In closing, I am always interested in feedback and again thank you for yours. If you have suggestions for another title to use in the future, please let me know. We can use all the support we can get.

We will certainly keep this feedback in mind in the planning of future events.

Jennifer Hoefle

Here's my letter, for reference:

Subject: Upcoming "Ask a Tr---y Anything" event

Dear Dean of Students office,

I'm an LGBTQ member of the broader Tucson community who has long approved of the University of Arizona's commitment to diversity, especially when it comes to inclusion of, and support for, LGBTQ students, faculty, and staff.

However, as part of Transgender Awareness Week this year, the Dean of Students office is sponsoring events called "Ask a Tranny Anything" -- and that causes me serious concern.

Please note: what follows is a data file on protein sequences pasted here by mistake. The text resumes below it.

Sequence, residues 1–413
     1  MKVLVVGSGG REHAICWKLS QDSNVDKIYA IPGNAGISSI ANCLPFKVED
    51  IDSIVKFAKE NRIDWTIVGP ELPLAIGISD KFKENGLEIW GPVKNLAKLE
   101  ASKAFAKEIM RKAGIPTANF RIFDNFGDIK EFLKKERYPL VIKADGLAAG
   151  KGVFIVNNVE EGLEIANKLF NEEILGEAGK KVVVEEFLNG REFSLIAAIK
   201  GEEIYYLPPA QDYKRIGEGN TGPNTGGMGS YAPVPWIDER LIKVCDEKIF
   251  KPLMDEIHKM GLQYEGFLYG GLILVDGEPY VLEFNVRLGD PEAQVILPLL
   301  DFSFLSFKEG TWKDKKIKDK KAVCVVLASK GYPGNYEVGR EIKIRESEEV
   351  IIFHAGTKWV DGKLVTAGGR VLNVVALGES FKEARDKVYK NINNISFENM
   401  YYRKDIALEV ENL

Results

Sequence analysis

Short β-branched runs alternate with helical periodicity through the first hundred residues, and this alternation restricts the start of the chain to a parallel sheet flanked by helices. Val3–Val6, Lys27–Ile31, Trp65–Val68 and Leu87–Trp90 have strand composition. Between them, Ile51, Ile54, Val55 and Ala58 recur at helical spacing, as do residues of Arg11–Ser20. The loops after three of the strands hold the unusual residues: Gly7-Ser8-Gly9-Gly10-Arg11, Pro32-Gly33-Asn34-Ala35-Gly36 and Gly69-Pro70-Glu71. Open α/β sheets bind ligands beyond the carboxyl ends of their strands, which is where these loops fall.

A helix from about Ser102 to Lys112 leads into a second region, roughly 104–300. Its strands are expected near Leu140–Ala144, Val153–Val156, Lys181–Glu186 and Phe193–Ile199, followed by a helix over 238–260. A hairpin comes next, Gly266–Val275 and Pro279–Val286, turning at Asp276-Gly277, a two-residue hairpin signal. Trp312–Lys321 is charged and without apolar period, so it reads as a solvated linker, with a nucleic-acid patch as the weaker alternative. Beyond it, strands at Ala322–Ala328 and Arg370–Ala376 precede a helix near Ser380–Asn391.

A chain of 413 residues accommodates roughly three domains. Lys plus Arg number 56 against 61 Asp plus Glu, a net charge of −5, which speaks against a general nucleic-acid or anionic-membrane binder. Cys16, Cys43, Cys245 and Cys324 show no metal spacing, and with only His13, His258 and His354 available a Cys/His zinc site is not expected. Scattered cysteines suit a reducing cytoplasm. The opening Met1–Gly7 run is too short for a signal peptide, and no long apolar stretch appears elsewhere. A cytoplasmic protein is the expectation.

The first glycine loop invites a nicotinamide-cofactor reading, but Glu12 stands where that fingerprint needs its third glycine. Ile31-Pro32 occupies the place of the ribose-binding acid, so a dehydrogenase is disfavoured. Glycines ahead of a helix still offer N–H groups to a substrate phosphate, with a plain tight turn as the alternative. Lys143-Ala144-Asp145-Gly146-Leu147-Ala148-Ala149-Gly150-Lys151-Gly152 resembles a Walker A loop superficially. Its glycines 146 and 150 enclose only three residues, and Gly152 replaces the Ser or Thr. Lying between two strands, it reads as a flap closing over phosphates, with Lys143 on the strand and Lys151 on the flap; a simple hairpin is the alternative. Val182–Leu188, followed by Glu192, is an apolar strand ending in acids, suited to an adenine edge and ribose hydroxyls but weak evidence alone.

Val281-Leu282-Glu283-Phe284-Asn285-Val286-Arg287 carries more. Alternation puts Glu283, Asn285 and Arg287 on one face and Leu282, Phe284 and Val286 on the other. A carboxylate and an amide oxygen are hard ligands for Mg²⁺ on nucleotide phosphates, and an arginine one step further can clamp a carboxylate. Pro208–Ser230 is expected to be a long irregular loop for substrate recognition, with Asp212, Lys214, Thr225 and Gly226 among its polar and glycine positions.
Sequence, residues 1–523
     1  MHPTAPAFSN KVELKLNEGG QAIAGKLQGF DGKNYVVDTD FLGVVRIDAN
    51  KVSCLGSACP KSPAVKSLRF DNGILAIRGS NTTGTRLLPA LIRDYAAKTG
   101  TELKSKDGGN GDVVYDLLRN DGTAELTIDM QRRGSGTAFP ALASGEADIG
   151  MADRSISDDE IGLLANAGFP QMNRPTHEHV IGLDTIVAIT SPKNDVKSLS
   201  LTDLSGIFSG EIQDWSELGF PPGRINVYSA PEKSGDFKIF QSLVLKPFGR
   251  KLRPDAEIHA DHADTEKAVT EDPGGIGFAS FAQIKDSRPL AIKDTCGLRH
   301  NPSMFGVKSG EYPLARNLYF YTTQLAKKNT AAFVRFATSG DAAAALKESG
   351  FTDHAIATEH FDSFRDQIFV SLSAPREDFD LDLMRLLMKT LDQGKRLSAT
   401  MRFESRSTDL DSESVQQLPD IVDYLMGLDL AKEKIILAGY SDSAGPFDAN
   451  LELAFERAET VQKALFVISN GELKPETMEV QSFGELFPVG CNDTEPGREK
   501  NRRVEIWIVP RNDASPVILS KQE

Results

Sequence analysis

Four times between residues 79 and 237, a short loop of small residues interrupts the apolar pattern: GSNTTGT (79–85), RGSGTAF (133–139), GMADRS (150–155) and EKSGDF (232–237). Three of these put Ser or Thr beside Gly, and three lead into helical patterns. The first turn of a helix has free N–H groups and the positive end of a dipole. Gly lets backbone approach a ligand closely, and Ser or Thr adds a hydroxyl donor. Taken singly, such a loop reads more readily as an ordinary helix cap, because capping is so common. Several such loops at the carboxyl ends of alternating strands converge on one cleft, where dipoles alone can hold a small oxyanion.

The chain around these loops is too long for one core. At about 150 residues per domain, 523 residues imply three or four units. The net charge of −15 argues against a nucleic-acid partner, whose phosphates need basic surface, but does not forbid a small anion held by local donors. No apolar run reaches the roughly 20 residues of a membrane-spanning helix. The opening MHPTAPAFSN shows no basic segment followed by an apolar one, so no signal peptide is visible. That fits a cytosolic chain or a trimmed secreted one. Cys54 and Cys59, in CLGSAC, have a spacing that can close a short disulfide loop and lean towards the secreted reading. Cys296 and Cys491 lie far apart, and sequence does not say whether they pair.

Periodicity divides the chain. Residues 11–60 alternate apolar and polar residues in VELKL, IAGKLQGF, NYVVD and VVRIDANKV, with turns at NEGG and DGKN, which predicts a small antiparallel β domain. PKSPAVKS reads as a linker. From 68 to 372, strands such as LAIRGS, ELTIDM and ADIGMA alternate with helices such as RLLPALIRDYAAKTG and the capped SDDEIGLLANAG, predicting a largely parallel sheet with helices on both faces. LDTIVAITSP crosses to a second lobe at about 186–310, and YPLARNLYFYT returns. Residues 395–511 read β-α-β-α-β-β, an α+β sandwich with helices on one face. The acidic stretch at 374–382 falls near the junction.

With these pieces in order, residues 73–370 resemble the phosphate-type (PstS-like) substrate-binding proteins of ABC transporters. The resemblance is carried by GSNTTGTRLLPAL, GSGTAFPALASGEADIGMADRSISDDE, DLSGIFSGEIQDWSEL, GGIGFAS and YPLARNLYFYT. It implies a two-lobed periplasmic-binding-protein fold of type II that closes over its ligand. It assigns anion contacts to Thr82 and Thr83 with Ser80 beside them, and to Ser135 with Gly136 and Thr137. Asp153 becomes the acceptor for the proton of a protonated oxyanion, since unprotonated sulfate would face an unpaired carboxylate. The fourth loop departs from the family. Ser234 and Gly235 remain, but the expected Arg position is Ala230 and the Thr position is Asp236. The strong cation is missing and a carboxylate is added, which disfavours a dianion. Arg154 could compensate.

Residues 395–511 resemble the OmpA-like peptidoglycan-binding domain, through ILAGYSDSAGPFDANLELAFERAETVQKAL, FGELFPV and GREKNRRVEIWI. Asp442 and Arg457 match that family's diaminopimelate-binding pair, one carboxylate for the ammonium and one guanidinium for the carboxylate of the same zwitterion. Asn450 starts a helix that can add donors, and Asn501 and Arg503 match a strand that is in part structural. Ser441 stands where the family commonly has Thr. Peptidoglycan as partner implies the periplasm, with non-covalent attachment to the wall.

The word "tranny" is not a hip, cool way to say "transgender person" -- it is a slur that is regularly used to hurt, insult, dehumanize transgender women. Nearly all of the victims of anti-trans violence -- whose deaths we will be mourning on November 20 as part of the Transgender Day of Remembrance -- were trans women and nearly all of them died hearing that word. "Tranny" is a hate slur that is used when assaulting transgender women.

I do understand that some transgender women want to reclaim the word -- in the same way that other offensive terms such as "c-nt" or "n----r" might be reclaimed. However, in an academic setting such as an event sponsored by the Dean of Students, those words probably wouldn't be used as the titles of public events.